19Road mapThe following genera represent additional deep lineages inthe family tree: the monospecific genus Longispora (type speciesLongispora albida); Luedemannella, comprising the type speciesLuedemanella helvata and Luedemanella flava; Pilimelia, contain-ing the type species Pilimelia terevasa and Pilimelia anulata andcolumellifera; the monospecific genus Plantactinospora (type spe-cies Plantactinospora mayteni); the monospecific genus Polymor-phospora (type species Polymorphospora rubra); Rugosimonospora,encompassing the type species Rugosimonospora acidiphila andRugosimonospora africana; Salinispora, comprising the type spe-cies Salinispora arenicola and Salinispora tropica; the monospecificgenus Spirilliplanes (type species Spirilliplanes yamanashiensis);and Verrucosispora, comprising the type species Verrucosispora gif-hornensis and Verrucosispora lutea and sediminis.Order “Propionibacteriales”This order is formed by elevation of the suborder Propionibacter-ineae (Zhi et al., 2009). It forms a well-defined clade comprisingthe families Propionibacteriaceae and Nocardioidaceae (Figure 14).However, two genera currently classified within the familyNocardioidaceae appear as deep lineages outside of that familybut still within the order (see below). The current taxonomyclosely resembles that of the previous road map (Garrity et al.,2005) except that the genera Friedmanniella and Micropruinahave been transferred from the family Nocardioidaceae to thefamily Propionibacteriaceae. This reclassification is well supportedby rRNA gene trees (Figure 14; Zhi et al., 2009) and chemot-axonomic markers (Schumann and Pukall, 2012).Family PropionibacteriaceaeThis family comprises 13 genera grouped within five clades(Figure 14). The first clade includes the genus Propionibacterium,which forms two of the five subclades recognizable in this clade.The first subclade comprises the type species Propionibacteriumfreudenreichii and Propionibacterium acidifaciens, australiense, andcyclohexanicum. The second subclade comprises Propionibacte-rium acidipropionici, acnes, avidum, granulosum, jensenii, microaero-philum, propionicum, and thoenii. While the ‘classical’ and ‘dairy’Propionibacterium species are found in both subclades, the‘cutaneous’ species Propionibacterium acnes, avidum, and granu-losum are all in the second subclade (Patrick and McDowell,2012). Moreover, meso-diaminopimelic acid is the dominantcell-wall diamino acid only in members of the first subclade,while ll-diaminopimelic acid is the dominant diamino acid inall tested species of the second subclade, observations whichprovide further support for the significance of these subclades.The third and fourth subclades comprise the monospecificgenera Brooklawnia cerclae and Propionimicrobium lymphophilum,ActinopolymorphaKribbellaMicrolunatusFriedmanniellaPropionibacteriaceaeLuteococcusTessarococcusPropionibacteriumAeromicrobiumMarmoricolaNocardioidaceaePropioniferaxGranulicoccusMicropruinaBrooklawnia cerclaePropionimicrobiumAestuariimicrobiumPropionicicellaPropionicimonasNocardioides"Propionibacteriales"FIGURE 14. Genera and families of the order “Propionibacteriales”. Analyses were performed as described for Figure 1.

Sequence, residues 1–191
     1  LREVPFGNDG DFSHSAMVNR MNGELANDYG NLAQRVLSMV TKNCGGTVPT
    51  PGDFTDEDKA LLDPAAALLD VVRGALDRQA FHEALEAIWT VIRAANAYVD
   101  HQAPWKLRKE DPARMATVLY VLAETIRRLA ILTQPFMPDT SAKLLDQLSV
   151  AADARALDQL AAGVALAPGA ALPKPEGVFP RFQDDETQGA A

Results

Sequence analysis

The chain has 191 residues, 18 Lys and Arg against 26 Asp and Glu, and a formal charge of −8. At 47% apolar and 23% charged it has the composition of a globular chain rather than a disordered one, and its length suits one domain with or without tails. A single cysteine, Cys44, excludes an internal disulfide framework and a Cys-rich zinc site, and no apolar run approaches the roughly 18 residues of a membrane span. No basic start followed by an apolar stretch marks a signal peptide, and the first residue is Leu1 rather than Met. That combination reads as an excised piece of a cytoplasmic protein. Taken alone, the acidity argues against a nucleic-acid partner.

20 Road maprespectively. The genus Tessaracoccus forms the fifth subcladeand encompasses the type species Tessaracoccus bendigoensis andclosely related species Tessaracoccus flavescens and lubricantis.The genus Luteococcus forms a deep branch of first clade andincludes the type species Luteococcus japonicus and the closelyrelated species Luteococcus peritonei and sanguinis.The second clade comprises the genera Friedmanniella andMicrolunatus. The genus Friedmanniella is composed of the typespecies Friedmanniella antarctica and the closely related speciesFriedmanniella capsulata, lacustris, lucida, luteola, okinawensis,sagamiharensis, and spumicola. The genus Microlunatus com-prises the type species Microlunatus phosphovorus and the closelyrelated species Microlunatus aurantiacus, ginsengisoli, panaciter-rae, and soli.The monospecific genera Granulicoccus (type species Granuli-coccus phenolivorans) and Propioniferax (type species Propioniferaxinnocua) form the third clade.The monospecific genera Micropruina (type species Micro-pruina glycogenica), Propionicicella (type species Propionicicellasuperfundia), and Propionicimonas (type species Propionicimonaspaludicola) form the fourth clade.The monospecific genus Aestuariimicrobium (type species Aes-tuariimicrobium kwangyangense) represents an independent lin-eage within this family and the fifth clade.Family NocardioidaceaeIn the previous road map (Garrity et al., 2005) and in theanalyses of Zhi et al. (2009), this family included the generaNocardioides, Actinopolymorpha, Aeromicrobium, Kribbella, and Mar-moricola. However, in the rRNA gene trees prepared for thisvolume, the family is paraphyletic with the genera Actinopolymor-pha and Kribbella, appearing outside the taxon as deep lineageswithin the order “Propionibacteriales” (Figure 14). This relation-ship is quite robust and independent of whether phylum- ororder-specific filters (or nucleotide positions) are used duringtree construction and might suggest that these genera warrantreclassification. However, chemotaxonomic evidence does notprovide strong support for either the current classification ora new one. On one hand, all five genera possess similar cellwalls characterized by the tetrapeptide l-Ala–d-Glu–ll-diamin-opimelate–d-Ala, a single glycine residue in the interpeptidebridge and similar fatty acids (Evtushenko, 2012a). On theother hand, teichoic acids have been found in all species of thegenera Nocardioides and Aeromicrobium that have been analyzed.In contrast, some Kribbella strains possess unusual phosphate-less acidic glycopolymers called teichulosonic acids and lackteichoic acids. Moreover, unlike the other genera, Actinopo-lymorpha forms branched fragmenting mycelia. Thus, in theabsence of strong support for the reclassification of the generaActinopolymorpha and Kribbella, these taxa are retained in thisfamily at this time.The genus Nocardioides comprises a large clade of speciesclosely related to the type species, as well as a smaller numberof more distantly related species. The species closely related tothe type species Nocardioides albus include Nocardioides, aestuarii,agariphilus, aquaticus, aquiterrae, aromaticivorans, bigeumensis,caeni, exalbidus, fonticola, furvisabuli, ganghwensis, ginsengisoli,hankookensis, humi, hwasunensis, insulae, islandensis, kongjuensis,kribbensis, lentus, luteus, marinus, nitrophenolicus, oleivorans, panaci-humi, panacisoli, plantarum, pyridinolyticus, sediminis, simplex,terrae, terrigena, and tritolerans. The more distantly related speciesform seven clades: Nocardioides alkalitolerans; Nocardioides basal-tis, dokdonensis, marinisabuli, and salarius; Nocardioides daphniae;Nocardioides dilutus and halotolerans; Nocardioides dubius; Nocar-dioides jensenii; and Nocardioides koreensis. These species appearto be about equally related to Nocardioides albus and the genusMarmoricola (Figure 12).The genus Actinopolymorpha is composed of the type speciesActinopolymorpha singaporensis and the closely related speciesActinopolymorpha alba, cephalotaxi, and rutila.The genus Aeromicrobium comprises the type species Aeromi-crobium erythreum and the closely related species Aeromicrobiumalkaliterrae, fastidiosum, flavum, ginsengisoli, marinum, panaciter-rae, ponti, and tamlense.The genus Kribbella comprises the type species Kribbella flav-ida and the closely related species Kribbella alba, aluminosa, anti-biotica, catacumbae, ginsengisoli, hippodromi, jejuensis, karoonensis,koreensis, lupini, sancticallisti, sandramycini, solani, swartbergensis,and yunnanensis.The genus Marmoricola encompasses the type species Mar-moricola aurantiacus and the closely related species Marmoricolaaequoreus and bigeumensis.Order “Pseudonocardiales” and familyPseudonocardiaceaeThis order is formed by elevation of the suborder Pseudonocar-dineae (Zhi et al., 2009). In the previous road map (Garrity et al.,2005) and the analyses of Zhi et al. (2009), the suborder com-prised two families, Pseudonocardiaceae and Actinosynnemataceae.However, the taxonomic status of these families was recently re-examined (Labeda et al., 2011). Based on the rRNA gene trees,chemotaxonomic evidence, and morphology, it was concludedthat the retention of the family Actinosynnemataceae was not war-ranted and that the genera it contained should be united intothe family Pseudonocardiaceae. In the rRNA gene trees preparedfor this volume, this enlarged family contains two clades whichcorrespond to some of the genera assigned to the each of theoriginal families, as well as numerous lineages that arise fromthe base of the family tree (Figure 15). The first clade includesonly genera previously assigned to the Pseudonocardiaceae andcomprises the genera Pseudonocardia, Actinomycetospora, Amyco-latopsis, Kibdelosporangium, Prauserella, Saccharomonospora, Sac-charopolyspora, Sciscionella, and Thermocrispum. The second cladeincludes only genera previously assigned to the family Actinosyn-nemataceae and contains the genera Actinosynnema, Lechevalieria,Lentzea, Saccharothrix, and Umezawaea. Although not readily dis-tinguished by most chemotaxonomic criteria, the whole-cellsugars of these clades are different. The first clade possessesarabinose and galactose, and the second clade possesses galac-tose, mannose, and sometimes either rhamnose or ribose.Previously, Thermobispora was also assigned to the Pseudono-cardiaceae (Garrity et al., 2005). Re-examination of this relation-ship suggested that this genus was more closely related to theorder “Streptosporangiales” (Figure 16; Zhi et al., 2009). However,because of the absence of corroborating evidence for this affili-ation, this genus is classified as an order incertae sedis in the cur-rent road map.Four subclades are apparent in the clade comprised exclu-sively of genera from the original family Pseudonocardiaceae(Figure 15). The first subclade includes the genus Pseudonocardia